Larrikin

Definitions

  • Chambers's Twentieth Century Dictionary
    • adj Larrikin lar′i-kin (Australian) rowdy, disorderly
    • n Larrikin a rough or rowdy
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Usage

In literature:

He ran amongst the Larrikins, scattered them, rescued the dog, and stood at bay.
"The Wrecker" by Robert Louis Stevenson and Lloyd Osbourne
There's something of the larrikin about us.
"On the Track" by Henry Lawson
The rest were crawlers, mostly pub spielers and bush larrikins, and the women were hags and larrikinesses.
"Over the Sliprails" by Henry Lawson
The rest were detectives, old ladies, mob, and a wealthy young Colonial larrikin.
"Adventures among Books" by Andrew Lang
Struck by her skill in dancing, he courted her in the larrikin fashion.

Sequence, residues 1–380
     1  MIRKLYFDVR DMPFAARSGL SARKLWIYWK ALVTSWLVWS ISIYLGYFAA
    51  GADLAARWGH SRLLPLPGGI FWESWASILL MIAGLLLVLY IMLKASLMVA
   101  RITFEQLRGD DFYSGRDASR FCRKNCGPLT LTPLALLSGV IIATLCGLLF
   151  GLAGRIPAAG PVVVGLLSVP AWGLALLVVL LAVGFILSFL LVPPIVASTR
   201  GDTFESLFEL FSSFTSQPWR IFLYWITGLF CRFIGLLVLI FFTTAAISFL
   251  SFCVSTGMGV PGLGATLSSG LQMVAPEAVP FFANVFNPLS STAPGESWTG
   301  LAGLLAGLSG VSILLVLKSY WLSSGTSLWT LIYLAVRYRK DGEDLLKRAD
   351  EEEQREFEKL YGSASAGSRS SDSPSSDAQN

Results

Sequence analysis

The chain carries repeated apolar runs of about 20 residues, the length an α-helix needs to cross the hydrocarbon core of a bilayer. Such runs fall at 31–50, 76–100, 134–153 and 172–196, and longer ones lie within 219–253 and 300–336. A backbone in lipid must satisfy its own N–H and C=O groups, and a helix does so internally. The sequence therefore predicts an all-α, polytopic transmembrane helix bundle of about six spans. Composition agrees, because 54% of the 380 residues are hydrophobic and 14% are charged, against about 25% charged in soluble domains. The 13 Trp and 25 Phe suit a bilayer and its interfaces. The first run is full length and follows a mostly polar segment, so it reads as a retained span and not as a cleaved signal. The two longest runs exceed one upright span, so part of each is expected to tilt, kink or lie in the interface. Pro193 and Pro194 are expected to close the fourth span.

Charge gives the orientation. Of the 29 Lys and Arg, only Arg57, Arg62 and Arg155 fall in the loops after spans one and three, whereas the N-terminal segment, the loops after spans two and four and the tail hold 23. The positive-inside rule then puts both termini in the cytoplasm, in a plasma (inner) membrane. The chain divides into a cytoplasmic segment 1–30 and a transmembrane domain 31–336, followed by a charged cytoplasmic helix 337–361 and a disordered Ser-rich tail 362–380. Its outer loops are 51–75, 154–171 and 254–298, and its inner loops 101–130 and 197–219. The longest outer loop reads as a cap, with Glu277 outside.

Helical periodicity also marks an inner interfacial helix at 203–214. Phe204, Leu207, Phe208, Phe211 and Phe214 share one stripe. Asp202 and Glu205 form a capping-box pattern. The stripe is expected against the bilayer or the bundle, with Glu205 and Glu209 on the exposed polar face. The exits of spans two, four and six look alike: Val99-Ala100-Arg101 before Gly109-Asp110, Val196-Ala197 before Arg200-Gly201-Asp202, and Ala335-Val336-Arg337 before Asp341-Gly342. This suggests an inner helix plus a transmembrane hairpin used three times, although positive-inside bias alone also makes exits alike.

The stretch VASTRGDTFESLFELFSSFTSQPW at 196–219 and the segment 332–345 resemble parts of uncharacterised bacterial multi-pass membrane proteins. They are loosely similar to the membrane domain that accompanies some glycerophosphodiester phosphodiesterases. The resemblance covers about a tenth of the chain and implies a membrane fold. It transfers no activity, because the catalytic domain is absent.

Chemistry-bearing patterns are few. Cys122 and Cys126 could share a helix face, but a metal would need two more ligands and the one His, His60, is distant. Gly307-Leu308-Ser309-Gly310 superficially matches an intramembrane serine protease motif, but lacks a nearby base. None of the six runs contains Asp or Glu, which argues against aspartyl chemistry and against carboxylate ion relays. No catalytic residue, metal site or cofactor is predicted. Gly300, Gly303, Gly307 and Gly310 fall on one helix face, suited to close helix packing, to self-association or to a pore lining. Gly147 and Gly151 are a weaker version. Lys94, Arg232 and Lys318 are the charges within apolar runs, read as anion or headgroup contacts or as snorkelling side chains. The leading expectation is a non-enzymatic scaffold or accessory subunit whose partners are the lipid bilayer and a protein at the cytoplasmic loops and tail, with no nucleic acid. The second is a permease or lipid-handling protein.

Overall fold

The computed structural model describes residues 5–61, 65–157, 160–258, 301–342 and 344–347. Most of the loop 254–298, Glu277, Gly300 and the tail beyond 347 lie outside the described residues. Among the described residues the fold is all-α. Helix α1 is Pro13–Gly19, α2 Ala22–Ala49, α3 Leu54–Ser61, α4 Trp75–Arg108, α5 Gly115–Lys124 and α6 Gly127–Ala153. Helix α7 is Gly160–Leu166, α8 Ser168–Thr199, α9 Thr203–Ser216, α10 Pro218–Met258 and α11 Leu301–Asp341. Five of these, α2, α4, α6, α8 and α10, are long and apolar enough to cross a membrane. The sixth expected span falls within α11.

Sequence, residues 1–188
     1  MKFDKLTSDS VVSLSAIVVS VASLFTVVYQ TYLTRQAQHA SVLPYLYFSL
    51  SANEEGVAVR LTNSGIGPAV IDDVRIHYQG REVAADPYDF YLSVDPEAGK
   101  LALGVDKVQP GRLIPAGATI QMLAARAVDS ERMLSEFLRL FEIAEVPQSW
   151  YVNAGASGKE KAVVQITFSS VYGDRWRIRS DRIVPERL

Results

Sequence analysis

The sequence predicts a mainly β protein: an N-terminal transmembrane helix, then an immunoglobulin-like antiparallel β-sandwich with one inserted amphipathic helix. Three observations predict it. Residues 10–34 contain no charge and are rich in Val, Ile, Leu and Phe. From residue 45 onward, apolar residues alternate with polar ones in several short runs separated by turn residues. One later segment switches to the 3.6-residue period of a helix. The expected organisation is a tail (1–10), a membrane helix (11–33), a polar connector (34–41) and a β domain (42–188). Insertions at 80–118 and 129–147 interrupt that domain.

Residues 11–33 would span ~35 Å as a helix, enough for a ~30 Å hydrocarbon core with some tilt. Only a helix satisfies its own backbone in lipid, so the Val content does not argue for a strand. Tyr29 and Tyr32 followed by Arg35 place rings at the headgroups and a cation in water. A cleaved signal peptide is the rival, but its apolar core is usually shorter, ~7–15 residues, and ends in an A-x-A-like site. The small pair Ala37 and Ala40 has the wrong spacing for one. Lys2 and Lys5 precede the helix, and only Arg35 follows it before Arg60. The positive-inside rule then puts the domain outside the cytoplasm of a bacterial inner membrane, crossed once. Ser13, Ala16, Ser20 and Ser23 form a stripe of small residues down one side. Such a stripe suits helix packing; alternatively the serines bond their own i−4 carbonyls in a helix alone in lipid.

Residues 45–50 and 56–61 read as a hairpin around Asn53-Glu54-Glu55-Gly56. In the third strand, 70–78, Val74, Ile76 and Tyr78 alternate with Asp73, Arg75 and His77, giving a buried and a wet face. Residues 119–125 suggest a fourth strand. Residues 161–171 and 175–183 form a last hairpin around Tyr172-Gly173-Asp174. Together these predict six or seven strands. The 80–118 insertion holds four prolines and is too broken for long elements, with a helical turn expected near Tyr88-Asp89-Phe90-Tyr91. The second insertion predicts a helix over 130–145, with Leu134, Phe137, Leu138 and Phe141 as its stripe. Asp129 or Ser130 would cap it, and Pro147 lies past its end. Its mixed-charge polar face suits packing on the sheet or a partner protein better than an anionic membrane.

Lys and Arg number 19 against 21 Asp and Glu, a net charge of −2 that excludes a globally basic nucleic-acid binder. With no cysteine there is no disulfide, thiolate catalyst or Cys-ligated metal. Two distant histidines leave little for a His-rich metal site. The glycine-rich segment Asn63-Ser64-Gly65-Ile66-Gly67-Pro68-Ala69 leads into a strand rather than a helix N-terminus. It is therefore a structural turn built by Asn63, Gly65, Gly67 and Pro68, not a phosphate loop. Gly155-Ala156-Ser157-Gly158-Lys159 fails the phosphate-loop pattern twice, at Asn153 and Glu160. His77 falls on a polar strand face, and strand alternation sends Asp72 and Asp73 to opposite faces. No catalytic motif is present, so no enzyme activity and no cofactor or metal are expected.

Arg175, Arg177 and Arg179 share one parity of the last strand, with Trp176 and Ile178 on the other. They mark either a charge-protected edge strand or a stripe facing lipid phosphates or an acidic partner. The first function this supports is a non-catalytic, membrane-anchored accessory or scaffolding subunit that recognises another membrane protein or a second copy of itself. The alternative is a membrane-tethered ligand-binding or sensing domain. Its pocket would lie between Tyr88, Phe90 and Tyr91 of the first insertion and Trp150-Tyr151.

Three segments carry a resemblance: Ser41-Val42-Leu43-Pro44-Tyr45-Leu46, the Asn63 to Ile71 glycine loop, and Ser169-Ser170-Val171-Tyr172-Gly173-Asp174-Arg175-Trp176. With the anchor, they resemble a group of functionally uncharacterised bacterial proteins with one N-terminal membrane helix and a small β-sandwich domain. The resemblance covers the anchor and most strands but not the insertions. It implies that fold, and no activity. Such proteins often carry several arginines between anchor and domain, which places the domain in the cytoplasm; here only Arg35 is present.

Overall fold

"Jonah" by Louis Stone
Some place where the larrikins go.
"An Outback Marriage" by Andrew Barton Paterson
The larrikin turned away, and beckoned his comrades to follow him.
"While the Billy Boils" by Henry Lawson
Much sympathy is expressed with LARRIKIN, who is quite a young man.
"Punch, Or The London Charivari, Vol. 99., November 29, 1890" by Various
The votes of these very larrikins turn the scale at elections.
"Town Life in Australia" by R. E. N. (Richard) Twopeny
As for you, Larrikins, I have warned you before, and you had better keep your weather eye open, my joker!
"Young Tom Bowling" by J.C. Hutcheson
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In news:

Ed Larrikin takes the stage with new project The Pan I Am.
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